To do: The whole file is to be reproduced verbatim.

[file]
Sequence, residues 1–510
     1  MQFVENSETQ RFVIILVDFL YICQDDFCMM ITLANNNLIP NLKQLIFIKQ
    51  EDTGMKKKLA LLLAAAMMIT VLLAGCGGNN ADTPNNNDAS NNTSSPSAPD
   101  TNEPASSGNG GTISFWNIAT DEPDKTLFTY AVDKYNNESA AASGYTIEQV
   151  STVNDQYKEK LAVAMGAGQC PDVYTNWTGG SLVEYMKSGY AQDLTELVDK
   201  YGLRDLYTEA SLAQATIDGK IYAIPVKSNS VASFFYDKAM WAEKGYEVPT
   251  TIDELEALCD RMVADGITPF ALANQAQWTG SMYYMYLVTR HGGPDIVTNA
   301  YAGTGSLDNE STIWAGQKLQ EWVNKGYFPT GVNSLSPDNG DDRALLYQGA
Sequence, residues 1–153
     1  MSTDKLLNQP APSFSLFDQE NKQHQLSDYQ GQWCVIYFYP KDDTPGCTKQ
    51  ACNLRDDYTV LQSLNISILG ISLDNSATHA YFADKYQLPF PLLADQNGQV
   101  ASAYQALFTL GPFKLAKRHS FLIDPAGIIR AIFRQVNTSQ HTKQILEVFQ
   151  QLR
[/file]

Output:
Sequence, residues 1–510
     1  MQFVENSETQ RFVIILVDFL YICQDDFCMM ITLANNNLIP NLKQLIFIKQ
    51  EDTGMKKKLA LLLAAAMMIT VLLAGCGGNN ADTPNNNDAS NNTSSPSAPD
   101  TNEPASSGNG GTISFWNIAT DEPDKTLFTY AVDKYNNESA AASGYTIEQV
   151  STVNDQYKEK LAVAMGAGQC PDVYTNWTGG SLVEYMKSGY AQDLTELVDK
   201  YGLRDLYTEA SLAQATIDGK IYAIPVKSNS VASFFYDKAM WAEKGYEVPT
   251  TIDELEALCD RMVADGITPF ALANQAQWTG SMYYMYLVTR HGGPDIVTNA
   301  YAGTGSLDNE STIWAGQKLQ EWVNKGYFPT GVNSLSPDNG DDRALLYQGA
Sequence, residues 1–153
     1  MSTDKLLNQP APSFSLFDQE NKQHQLSDYQ GQWCVIYFYP KDDTPGCTKQ
    51  ACNLRDDYTV LQSLNISILG ISLDNSATHA YFADKYQLPF PLLADQNGQV
   101  ASAYQALFTL GPFKLAKRHS FLIDPAGIIR AIFRQVNTSQ HTKQILEVFQ
   151  QLR